Many users completely ignore the scope box tool. It's understandable, as these green boxes look a little silly and can be annoying. That said, the moment you start working on larger projects with multiple wings, scope boxes are a must. Controlling the crop region of multiple views becomes incredibly simple. Managing the extents of levels and grids is also much easier.
The tips below contain everything you need to understand and master scope boxes. Make sure to watch the video if you prefer.
1- SCOPE BOXES ARE CREATED IN PLAN VIEWS BUT ARE VISIBLE IN OTHER VIEW CATEGORIES
To create a Scope Box, you have to be in either a Plan View or in a Reflected Ceiling Plan. However, once a scope box is created, it is going to be visible in the other view categories: sections, callouts, elevations and 3D views. In elevations and sections, the scope box is only going to be visible if it intersects the cut line. You can adjust the extents of the scope box in all view categories.
2- SCOPE BOXES ARE USED TO QUICKLY CROP VIEWS
Consider this office building renovation project. The area affected is in the middle of the building. You want the views to be cropped to fit the red rectangle.
The thing is: you have a lot of views to create. Existing floor plan. Demolished floor plan. New floor plan. Ceilings. Finishes. Layout. All in all, you’ll have about 10 views that need the exact same crop region.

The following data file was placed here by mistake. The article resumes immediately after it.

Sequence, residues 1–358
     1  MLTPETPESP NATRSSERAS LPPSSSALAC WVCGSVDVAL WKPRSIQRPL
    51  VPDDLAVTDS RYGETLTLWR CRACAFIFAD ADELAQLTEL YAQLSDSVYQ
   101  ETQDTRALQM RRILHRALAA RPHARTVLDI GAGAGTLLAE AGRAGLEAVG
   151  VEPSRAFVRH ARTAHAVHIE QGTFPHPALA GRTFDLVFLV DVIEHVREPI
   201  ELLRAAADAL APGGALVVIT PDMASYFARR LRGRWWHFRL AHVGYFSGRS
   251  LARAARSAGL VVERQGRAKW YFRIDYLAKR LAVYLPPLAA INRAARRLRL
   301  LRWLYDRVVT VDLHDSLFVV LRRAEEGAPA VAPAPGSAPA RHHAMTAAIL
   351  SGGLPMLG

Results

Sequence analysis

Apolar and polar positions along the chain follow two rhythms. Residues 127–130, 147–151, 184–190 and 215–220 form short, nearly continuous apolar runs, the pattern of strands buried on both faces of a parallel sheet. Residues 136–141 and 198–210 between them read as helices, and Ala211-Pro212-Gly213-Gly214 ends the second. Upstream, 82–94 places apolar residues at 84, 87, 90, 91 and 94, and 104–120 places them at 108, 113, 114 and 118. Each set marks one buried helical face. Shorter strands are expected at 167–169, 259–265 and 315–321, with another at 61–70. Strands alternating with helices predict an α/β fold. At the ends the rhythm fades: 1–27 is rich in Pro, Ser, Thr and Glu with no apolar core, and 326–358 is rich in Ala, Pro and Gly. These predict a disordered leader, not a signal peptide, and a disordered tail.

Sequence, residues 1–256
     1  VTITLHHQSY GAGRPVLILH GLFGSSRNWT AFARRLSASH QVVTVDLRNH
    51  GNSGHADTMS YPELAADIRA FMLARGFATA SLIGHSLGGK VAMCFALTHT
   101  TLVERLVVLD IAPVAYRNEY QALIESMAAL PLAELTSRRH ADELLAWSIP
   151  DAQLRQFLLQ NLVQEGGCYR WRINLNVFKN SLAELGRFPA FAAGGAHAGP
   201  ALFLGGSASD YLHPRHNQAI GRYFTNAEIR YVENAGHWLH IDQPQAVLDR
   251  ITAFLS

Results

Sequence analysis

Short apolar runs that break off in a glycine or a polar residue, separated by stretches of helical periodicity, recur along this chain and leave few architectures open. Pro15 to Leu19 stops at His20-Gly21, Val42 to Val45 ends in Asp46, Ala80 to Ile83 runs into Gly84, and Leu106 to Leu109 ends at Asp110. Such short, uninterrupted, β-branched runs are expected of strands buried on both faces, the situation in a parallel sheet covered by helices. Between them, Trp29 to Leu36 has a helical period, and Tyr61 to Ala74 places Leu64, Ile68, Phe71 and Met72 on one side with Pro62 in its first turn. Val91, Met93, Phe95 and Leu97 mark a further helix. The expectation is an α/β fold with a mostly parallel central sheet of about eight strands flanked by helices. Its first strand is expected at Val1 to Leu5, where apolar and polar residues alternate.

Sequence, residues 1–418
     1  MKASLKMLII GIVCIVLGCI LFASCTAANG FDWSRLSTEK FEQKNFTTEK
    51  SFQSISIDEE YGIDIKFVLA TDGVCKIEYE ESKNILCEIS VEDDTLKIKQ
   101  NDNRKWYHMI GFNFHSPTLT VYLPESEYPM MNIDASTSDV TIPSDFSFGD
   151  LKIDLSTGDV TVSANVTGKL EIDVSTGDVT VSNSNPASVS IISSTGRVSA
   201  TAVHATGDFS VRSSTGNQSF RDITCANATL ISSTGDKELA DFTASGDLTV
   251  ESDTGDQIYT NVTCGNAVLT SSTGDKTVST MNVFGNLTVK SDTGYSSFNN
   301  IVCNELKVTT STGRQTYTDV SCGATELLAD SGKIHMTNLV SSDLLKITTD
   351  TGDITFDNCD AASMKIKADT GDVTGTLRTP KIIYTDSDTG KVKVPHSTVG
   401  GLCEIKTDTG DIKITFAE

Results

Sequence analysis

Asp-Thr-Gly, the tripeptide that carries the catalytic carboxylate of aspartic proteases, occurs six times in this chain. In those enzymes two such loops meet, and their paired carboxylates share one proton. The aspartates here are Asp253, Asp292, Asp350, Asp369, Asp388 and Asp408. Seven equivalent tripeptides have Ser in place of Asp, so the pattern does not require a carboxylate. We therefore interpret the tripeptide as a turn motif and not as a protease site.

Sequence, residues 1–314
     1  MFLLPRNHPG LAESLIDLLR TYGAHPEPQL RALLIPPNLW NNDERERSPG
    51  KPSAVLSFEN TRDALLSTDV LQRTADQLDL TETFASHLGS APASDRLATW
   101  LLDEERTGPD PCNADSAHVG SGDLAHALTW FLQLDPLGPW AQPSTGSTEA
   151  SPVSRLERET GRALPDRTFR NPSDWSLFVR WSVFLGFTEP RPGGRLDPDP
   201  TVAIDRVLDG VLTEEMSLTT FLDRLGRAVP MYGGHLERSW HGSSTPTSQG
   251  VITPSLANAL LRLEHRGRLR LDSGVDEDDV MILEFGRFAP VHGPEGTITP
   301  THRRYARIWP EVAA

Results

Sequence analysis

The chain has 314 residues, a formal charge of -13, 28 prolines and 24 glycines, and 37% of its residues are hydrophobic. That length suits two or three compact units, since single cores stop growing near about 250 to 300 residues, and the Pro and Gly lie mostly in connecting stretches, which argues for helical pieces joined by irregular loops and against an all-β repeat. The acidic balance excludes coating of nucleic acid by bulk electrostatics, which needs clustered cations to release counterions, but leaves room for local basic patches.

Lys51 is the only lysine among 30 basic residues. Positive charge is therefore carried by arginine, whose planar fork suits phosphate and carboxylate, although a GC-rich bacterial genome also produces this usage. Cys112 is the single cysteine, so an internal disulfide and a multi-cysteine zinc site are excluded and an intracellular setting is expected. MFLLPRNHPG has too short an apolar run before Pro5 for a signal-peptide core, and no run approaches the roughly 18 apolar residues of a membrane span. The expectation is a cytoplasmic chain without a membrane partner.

An archaic workflow would be to manually adjust the crop region of each view. That would probably work. But what if the project changes and the area affected gets bigger? You have to adjust all the crops again?
That’s when the power of scope boxes come into play. Go to the View tab and create a Scope Box. Match it to your intervention area. Give it a name.
Have a look at the Instance Properties of your plan view. Under Extents, you will find the Scope Box parameter. Assign the scope box you’ve just created to the plan view.
As you see, the Crop Region of the view now perfectly matches the scope box limits. The blue dots that can usually be used to modify the crop region are now invisible: that’s because you can’t modify it.
Now, apply the scope box to all the views that will be using this crop. To save time, select all the views in the project browser by holding the CTRL key.
Look at all these views, sharing the exact same perfect crop. Isn’t it beautiful? Adjusting the new Scope Box will affect all these views.
3- VIEWS WITH A SCOPE BOX CAN'T BE UNCROPPED
The moment a scope box is assigned to a view, the Crop Region is locked and can’t be modified. Also, you can’t use the Do Not Crop View tool. To see the whole project in a view, you’ll have to create a different plan or remove the scope box temporarily.
4- ROTATING SCOPE BOX ALSO ROTATE CROP REGION
In addition to controling the extents of a crop region, a scope box can also be used to control the angle of a view. In the project below, a scope box is created and rotated to fit the angled shape of the building. Then, the view is duplicated and the extents are assigned to the new scope box. The crop region is automatically adjusted to fit the angle. Removing the scope box from a view will revert the crop angle back to default.
5- ADJUST SCOPE BOX HEIGHT IN THE OPTIONS BAR